Over the last week, equity markets have fallen back as investors have grown increasingly worried about the high levels of unemployment and budget deficits that are plaguing a variety of developed markets around the world. This is especially true in Great Britain, which is facing a deficit of over 12%, unemployment just under 8%, and anemic levels of growth going forward. This dismal economic situation has put the Bank of England into focus as the central bank attempts to revive growth without stoking the fires of inflation.
Today the country's economy will go under the microscope once again as the Bank of England gives its inflation report and figures from the government on the country's unemployment levels are also released. These two numbers could help to show which way the British economy is trending but unfortunately many analysts are expecting poor reports on both fronts as the British economy continues to weaken. "The U.K. data continues to disappoint and is putting sterling under renewed downward pressure," analysts led by Hans-Guenter Redekerin London, wrote in a research note today. "[The] inflation report should confirm the grim outlook on the U.K. We expect the BOE to cut its growth and inflation forecasts."
Should inflationary pressures continue to mount it could force the bank to raise rates from their historically low levels of 0.5% in order to contain inflation, which is now trending above 3% and is likely to stay there until 2012, according to some analysts. "Any fall in CPI inflation during the rest of this year is likely to be temporary, and our expectation is that inflation will remain well above target until 2012," said Simon Hayes, economist at Barclays Capital. "The projected persistence of above-target inflation will heighten concerns about inflation expectations, which have already risen on some measures." [also see Non-Euro Europe ETF Options]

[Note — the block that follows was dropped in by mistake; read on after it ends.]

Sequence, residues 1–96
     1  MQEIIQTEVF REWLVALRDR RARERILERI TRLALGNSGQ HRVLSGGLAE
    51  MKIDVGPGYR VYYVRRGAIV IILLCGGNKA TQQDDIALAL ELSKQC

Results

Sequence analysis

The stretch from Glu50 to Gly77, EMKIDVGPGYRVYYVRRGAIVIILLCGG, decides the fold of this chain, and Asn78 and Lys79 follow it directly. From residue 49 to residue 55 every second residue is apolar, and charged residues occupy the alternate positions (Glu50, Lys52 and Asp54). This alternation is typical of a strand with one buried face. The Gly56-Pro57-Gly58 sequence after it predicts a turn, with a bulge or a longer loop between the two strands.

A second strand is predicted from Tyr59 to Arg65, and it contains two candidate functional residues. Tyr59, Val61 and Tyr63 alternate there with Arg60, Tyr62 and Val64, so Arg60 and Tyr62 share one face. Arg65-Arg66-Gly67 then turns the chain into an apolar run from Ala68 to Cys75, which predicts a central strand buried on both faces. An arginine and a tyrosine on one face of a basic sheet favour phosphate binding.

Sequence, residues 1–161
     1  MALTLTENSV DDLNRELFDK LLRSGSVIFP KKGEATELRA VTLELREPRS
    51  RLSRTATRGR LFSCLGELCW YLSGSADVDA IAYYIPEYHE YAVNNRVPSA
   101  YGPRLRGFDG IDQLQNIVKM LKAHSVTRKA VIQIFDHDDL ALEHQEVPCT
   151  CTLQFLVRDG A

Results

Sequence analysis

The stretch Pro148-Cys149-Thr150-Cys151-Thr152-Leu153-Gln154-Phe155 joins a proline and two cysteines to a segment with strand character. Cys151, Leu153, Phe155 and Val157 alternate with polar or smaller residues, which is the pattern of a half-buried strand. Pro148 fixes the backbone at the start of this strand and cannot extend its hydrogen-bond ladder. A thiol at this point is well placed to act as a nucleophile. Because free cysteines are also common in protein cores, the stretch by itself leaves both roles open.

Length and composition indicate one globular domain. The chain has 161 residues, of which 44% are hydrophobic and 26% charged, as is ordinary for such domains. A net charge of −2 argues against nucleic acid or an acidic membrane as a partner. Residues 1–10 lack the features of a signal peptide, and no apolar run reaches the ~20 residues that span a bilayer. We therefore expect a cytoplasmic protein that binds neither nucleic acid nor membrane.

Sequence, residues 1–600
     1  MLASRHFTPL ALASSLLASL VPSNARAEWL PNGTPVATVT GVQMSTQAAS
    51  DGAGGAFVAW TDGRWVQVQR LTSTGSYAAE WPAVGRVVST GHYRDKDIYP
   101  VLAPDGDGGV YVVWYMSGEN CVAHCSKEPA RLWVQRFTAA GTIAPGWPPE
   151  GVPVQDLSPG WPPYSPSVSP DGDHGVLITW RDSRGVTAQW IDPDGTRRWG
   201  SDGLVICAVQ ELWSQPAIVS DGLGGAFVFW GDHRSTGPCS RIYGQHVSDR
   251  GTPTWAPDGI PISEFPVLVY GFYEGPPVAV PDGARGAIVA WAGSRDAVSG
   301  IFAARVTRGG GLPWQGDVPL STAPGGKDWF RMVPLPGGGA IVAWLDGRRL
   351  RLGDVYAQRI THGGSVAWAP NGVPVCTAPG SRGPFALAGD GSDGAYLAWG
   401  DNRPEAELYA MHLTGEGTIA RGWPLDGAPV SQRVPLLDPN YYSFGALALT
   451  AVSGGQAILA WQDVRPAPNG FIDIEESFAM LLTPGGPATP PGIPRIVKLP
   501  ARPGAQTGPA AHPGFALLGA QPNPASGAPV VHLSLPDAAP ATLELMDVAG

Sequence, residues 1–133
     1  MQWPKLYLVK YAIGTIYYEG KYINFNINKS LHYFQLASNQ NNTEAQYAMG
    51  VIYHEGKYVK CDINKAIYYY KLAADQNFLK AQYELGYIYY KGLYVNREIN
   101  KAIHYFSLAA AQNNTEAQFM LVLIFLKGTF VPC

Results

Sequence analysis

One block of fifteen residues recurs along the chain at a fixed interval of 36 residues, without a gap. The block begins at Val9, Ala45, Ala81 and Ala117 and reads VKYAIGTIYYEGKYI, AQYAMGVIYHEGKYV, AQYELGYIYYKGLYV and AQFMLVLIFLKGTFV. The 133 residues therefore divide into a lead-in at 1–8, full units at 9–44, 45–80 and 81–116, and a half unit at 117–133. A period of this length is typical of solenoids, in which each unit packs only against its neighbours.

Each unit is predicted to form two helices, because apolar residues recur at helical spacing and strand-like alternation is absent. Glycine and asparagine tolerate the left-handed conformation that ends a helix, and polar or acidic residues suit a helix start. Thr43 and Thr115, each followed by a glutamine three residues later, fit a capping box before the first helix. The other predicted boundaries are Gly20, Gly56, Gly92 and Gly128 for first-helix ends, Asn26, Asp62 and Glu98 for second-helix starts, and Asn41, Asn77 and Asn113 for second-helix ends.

However, it could end up being far more complicated than that should the government report that unemployment rates rose in the previous month. Given the central bank governor's ineptitude at correctly predicting the economic situation over the past few years, many would be extremely displeased with the Bank of England if it were to raise rates in a time of increasing unemployment. This dilemma puts the Bank in a difficult situation if both numbers turn out worse later today, leaving the policy makers with few options going forward and increasingly unsavory outcomes for either route they end up taking [also read Will "Decades" Of Austerity Crush British ETF?].
Because of these important reports, which could help to signal future actions by the bank, the iShares MSCI United Kingdom Index Fund
The fund is also overweight in large companies, with giant-caps making up slightly more than two-thirds of the total assets, and large-caps taking up another 18.9%. Its top individual holdings include banking giant HSBC Holdings
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